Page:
Conference Notes 10-28-2015

Htet/Meyers   STEMI Conference


Case 1.  Patient with chest pain.


*Initial EKG

Cardiologist comments: It is unusual to have isolated V1 and V2 ST elevation without ST elevation in the other precordial leads.  If the ST elevation in V1 And V2 is related to proximal LAD occlusion it should also affect the other leads.  EKG also shows IRBB and RV strain.  It is also unusual for a STEMI to be bradycardic if it is not an inferior STEMI.


It was learned that patient had history of chronic aortic dissection and prior PE.  Patient was taken to the cath lab and a Type A aortic dissection was identified.


There was discussion of the risk of double dye load for CTA followed by coronary angiogram.  Dr. Silverman said that even if you take the patient to cath first without CT chest, the patient would still get about the same dye load for an aortic root shot followed by evaluation of the coronary arteries.   An alternative approach could be TEE for a patient with an elevated creatinine.


Dr. Silverman noted that pain from aortic dissection is more abrupt then that for AMI.

There was a discussion about the use of d-dimer to evaluate for aortic dissection.  Cardiology faculty was relatively  pro d-dimer for this indication.  EM faculty was more cautious about d-dimer in this setting.   Harwood and Elise felt d-dimer will miss about 5% of aortic dissections. Al-Kaled stated that if an elisa d-dimer is negative the patient does not have a dissection.  Drs. Harwood, C. Kulstad and Lovell almost had dissections of their own in response to this statement.  They felt the data shows that D-dimer can miss intramural hematomas/dissections.  Clearly this issue is controversial.


IRAD data on Aortic dissection shows that “classic” history and physical findings are not commonly present.


Elise comments and data: To be "low risk", you need a score of zero, meaning none of these features.  The patients I'm considering dissection in are usually patients who have abrupt, ripping, tearing pain, and therefore will not be "low risk".  Lower end of likelihood ratio 96%.  As Harwood said, not a disease to accept a 4% miss rate, and with the additional issue of low specificity, I'm not a fan of using d-dimer for diagnosing aortic dissection.



*Aortic Dissection Decision Rule


Cardiology comment: If patient has a pericardial effusion on echo in the setting of chest pain think aortic dissection.


Consensus by cardiology: Do a CTA if you consider aortic dissection.


Case 2.  Chest pain in a patient with recent stroke.





If you see a heart rate of 150 consider A-flutter.   If you see an RSR pattern in addition to a heart rate of 150 that makes A-flutter even more likely.  

CXR shows very prominent right pulmonary artery.  Bedside US showed dilated RV.  CTPE done and showed PE.


2.Massive vs. Sub-Massive PE


EKOS catheter was placed in pulmonary artery and TPA was given over 12 hours.



* EKOS catheter


*Ekos Catheter

Cindy Chan Follow Up Comment: Cards in PE management: The cardiologists have expressed willingness to assist with management of sub-massive and massive PEs, as many of them are credentialed to use the EKOS catheter.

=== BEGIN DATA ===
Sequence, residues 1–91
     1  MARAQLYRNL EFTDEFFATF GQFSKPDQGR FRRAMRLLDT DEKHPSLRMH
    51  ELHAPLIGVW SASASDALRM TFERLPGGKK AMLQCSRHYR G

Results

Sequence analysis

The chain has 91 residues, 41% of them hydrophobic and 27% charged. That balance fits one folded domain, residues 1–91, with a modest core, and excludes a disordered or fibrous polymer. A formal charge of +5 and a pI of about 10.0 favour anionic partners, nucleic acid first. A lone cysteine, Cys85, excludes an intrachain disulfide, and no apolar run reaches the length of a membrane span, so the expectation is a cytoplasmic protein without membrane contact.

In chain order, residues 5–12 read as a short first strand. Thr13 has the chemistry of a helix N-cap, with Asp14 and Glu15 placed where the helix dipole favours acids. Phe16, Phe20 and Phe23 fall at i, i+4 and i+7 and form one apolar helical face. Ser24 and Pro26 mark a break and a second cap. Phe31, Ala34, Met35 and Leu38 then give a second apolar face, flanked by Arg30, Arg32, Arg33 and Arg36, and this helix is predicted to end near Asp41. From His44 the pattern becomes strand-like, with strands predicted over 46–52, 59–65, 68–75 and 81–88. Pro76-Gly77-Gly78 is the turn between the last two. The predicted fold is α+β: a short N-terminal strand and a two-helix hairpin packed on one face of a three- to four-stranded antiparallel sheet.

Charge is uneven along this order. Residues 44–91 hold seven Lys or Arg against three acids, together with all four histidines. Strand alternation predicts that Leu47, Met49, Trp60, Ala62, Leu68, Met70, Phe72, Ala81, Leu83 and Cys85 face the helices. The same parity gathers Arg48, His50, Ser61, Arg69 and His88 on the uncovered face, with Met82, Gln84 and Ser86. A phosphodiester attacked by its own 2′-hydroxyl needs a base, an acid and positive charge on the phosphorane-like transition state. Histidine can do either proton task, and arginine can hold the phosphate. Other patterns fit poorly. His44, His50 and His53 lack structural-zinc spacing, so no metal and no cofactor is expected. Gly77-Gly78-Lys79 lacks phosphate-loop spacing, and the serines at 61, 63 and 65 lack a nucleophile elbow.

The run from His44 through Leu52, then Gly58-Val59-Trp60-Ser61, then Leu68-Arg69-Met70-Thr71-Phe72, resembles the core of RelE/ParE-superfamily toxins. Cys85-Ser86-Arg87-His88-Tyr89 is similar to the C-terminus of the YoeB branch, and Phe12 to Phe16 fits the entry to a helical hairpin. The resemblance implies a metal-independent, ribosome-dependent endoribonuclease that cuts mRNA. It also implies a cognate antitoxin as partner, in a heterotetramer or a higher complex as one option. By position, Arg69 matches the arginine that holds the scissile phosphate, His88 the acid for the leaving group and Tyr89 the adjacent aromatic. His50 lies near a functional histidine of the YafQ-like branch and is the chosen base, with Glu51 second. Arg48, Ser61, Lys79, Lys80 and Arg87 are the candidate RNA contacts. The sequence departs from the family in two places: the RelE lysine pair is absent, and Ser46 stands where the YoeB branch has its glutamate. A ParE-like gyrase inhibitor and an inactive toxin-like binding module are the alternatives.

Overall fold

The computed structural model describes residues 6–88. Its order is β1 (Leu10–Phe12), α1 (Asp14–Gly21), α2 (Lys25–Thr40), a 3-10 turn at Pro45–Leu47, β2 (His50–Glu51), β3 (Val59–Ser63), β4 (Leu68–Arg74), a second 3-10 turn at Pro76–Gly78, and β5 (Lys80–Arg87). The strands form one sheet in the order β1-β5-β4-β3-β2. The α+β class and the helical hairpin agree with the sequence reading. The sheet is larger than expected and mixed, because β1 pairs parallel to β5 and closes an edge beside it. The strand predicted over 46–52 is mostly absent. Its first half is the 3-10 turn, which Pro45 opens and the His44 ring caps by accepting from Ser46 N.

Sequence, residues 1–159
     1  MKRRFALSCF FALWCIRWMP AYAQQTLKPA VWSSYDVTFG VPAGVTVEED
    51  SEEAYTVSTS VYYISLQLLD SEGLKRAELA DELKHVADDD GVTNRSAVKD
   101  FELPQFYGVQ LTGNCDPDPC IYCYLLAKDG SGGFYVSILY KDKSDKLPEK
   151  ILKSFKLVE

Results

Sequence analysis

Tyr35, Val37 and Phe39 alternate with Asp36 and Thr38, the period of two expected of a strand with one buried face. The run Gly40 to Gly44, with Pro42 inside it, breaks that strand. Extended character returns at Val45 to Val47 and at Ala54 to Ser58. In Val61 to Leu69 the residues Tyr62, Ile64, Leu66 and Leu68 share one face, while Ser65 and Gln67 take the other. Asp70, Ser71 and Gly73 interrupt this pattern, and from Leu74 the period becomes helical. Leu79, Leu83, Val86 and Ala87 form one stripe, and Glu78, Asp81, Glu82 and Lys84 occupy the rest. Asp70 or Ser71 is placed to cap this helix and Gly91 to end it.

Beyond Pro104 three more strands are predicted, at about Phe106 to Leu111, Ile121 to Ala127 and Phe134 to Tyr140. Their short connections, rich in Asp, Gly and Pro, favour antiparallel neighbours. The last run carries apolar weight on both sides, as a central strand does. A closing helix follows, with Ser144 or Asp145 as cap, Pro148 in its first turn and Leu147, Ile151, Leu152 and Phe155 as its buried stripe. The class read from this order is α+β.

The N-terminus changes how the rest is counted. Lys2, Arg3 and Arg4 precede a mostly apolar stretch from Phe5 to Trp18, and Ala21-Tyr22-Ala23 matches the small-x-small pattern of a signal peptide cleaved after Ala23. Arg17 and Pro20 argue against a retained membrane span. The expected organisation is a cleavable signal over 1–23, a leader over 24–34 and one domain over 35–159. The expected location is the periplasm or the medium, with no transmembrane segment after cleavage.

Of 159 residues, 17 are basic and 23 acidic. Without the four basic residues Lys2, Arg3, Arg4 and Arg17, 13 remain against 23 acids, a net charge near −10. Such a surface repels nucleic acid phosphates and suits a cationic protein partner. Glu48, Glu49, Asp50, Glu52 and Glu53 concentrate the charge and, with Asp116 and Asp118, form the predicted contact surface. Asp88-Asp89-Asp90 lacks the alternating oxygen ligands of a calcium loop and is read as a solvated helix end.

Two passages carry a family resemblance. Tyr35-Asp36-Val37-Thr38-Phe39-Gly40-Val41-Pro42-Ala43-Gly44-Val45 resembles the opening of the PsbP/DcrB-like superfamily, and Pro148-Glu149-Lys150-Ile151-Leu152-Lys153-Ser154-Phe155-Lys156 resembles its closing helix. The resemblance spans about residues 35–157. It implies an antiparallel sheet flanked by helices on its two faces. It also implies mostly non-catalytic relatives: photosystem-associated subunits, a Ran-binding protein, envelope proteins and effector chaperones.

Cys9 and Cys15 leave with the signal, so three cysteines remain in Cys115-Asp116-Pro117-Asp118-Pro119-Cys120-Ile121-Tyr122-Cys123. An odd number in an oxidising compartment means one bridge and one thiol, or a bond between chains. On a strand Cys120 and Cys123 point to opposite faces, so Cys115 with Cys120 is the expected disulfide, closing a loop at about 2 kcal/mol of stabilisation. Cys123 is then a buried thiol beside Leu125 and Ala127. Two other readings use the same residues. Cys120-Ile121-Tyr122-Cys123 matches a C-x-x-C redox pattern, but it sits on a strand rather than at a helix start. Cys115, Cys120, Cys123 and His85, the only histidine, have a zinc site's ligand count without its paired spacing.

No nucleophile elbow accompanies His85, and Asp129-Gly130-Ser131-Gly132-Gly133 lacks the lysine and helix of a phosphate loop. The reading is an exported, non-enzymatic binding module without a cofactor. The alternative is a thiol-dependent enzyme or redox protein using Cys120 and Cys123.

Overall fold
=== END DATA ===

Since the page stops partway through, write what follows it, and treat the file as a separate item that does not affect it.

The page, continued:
- "On hours" 7a-7p: can call the on-call interventionalist for MASSIVE or SUB-MASSIVE PEs, as either they may be credentialed or should be able to get a partner who is help with this

- "OFF hours" 7p-7a: can call the on-call interventionalist for MASSIVE PEs to see if they are credentialed to assist; if not, then continue with our "traditional" course of management. SUB-MASSIVE PEs should be able to wait until the morning, when cards can be contacted if needed.



Iannitelli/Katiyar    Oral Boards


Unfortunately I missed this excellent lecture.


PharmD Lecture      Push Dose Pressors


Phenylepherine is the only drug at ACMC approved for bolus therapy.   It is a pure alpha agonist with rapid onset and short half life.


Avoid phenylephrine in patients who are bradycardic.  You could possibly cause worse reflex bradycardia.


ACMC Recommendation: 0.5-1ml (50-100mcg) of phenylephrine every 2-5 minutes.  Can be used in the peri-intubation period and peri-code period. 


Christine comment: Dopamine is universally available and is likely safer in an emergent situation.  You and your nurses are less likely to make a dosing mistake with dopamine than with phenylephrine.  The fail-safe way of giving emergent pressors is to just start a dopamine drip.


Mike Kennedy: Epinepherine could be used as a push dose pressor as well.  PharmD response is that there is no data on using epi as a push dose pressor.  It is not approved by our P&T Committee for push dose pressor use. 


Elise comment: I don’t use push dose pressors.  If I am resuscitating the patient in the peri-intubation period I will start a drip ofnorepi.  The only time I use epi in a push dose situation is for anaphylaxis.


There was a discussion of what the ultimate aim of push dose pressors.  You are just increasing BP transiently and not treating the underlying problem.  On the other hand, there is a growing chorus in the EM world about using push dose pressors in the peri-intubation period for very unstable patients ie. “Resuscitation before intubation”.  The patient oriented outcomes for this treatment will need to be studied further.

Urumov/Girzadas    Recruiting Season Update

A. Patel     Study Guide

Unfortunately I missed this excellent presentation.